In the case of __fastcall, "one other parameter will be passed" is misleading; there can be multiple additional parameters, they are just passed on the stack.

In the case of the __cdecl calling convention, I am not sure where "after the last parameter on the stack" would be relative to the other parameters. The Bugslayer article in the 1998 MSJ has a table similar to the one you show but it just says that the __cdecl calling convention passes arguments right to left.






Re: Visual C++ Language DLL questions with Visual Studio using C++

einaros

Simple Samples wrote:

Einaros, this is the first time I have seen anyone saying the "first parameter" part isn't the full truth. I know that you know the C++ language better than I so you could be correct.

It's not that the "first parameter" concept is wrong -- my point is merely that I find it an oversimplification which may hide the other aspects of function calls.

Simple Samples wrote:

Note that in the case of the __stdcall, there must always be a return address. The return address is not considered to be a parameter.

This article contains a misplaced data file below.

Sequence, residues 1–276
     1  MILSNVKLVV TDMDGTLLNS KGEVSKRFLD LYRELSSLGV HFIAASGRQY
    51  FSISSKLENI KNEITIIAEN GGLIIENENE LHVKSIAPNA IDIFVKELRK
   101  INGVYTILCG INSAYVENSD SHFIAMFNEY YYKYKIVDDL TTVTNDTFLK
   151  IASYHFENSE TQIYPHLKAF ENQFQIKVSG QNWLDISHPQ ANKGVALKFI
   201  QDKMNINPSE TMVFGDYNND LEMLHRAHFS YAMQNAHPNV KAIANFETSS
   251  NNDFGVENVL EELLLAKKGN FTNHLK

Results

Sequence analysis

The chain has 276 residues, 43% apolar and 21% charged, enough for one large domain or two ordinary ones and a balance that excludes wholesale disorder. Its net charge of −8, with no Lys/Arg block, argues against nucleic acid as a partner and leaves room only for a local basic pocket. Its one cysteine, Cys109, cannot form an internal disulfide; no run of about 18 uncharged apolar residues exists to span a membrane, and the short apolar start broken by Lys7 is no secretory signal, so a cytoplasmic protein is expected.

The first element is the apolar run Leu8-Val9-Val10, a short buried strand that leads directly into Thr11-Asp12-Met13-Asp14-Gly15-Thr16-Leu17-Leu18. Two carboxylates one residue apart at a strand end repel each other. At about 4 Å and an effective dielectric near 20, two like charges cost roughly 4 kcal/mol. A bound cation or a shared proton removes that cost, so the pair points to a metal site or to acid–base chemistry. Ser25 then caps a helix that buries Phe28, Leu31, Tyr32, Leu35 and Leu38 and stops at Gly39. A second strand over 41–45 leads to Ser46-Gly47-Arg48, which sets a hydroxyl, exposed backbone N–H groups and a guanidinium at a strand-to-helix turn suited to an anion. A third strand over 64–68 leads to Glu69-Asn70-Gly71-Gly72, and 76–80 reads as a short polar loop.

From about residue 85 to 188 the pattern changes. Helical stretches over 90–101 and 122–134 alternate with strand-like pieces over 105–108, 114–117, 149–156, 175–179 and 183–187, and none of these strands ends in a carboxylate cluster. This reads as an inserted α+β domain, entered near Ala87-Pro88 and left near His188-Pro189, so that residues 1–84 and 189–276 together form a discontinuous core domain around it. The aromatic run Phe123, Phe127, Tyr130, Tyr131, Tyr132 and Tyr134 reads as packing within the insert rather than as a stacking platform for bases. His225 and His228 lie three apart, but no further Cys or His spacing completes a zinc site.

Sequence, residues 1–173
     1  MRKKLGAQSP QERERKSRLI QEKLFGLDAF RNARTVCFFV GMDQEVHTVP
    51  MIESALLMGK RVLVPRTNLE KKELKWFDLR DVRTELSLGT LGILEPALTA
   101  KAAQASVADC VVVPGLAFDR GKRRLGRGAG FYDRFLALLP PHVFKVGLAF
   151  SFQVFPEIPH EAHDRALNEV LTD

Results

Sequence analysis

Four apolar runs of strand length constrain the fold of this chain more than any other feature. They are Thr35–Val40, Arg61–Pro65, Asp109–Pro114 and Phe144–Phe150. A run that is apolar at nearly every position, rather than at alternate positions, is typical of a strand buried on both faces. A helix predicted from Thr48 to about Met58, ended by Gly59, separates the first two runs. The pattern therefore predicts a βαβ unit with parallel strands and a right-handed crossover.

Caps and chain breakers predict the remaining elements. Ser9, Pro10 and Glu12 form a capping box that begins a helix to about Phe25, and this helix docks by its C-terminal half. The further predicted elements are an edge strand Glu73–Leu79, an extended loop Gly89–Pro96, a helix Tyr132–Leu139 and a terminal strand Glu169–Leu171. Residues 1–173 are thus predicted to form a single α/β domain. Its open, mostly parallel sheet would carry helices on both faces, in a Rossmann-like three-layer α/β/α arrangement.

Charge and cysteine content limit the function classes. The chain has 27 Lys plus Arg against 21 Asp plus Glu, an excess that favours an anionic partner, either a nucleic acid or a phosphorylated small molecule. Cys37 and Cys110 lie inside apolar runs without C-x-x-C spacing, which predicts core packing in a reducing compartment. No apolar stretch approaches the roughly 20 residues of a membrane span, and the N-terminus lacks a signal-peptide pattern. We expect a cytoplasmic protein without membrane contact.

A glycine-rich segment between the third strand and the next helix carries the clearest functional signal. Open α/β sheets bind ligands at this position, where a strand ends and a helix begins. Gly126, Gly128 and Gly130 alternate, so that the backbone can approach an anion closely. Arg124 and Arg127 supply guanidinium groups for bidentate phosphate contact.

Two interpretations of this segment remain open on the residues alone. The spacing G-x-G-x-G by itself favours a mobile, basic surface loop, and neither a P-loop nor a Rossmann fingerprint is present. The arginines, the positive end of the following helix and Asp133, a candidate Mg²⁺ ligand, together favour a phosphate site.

And therein lies my point. Not all things put on the stack are parameters. All calls require a return address. This is a concequence of the call and ret instructions, and as such the convention.

Simple Samples wrote:

In the case of __fastcall, "one other parameter will be passed" is misleading; there can be multiple additional parameters, they are just passed on the stack.

In the case of the __cdecl calling convention, I am not sure where "after the last parameter on the stack" would be relative to the other parameters. The Bugslayer article in the 1998 MSJ has a table similar to the one you show but it just says that the __cdecl calling convention passes arguments right to left.

Poor wording on my behalf in both cases, thanks for pointing that out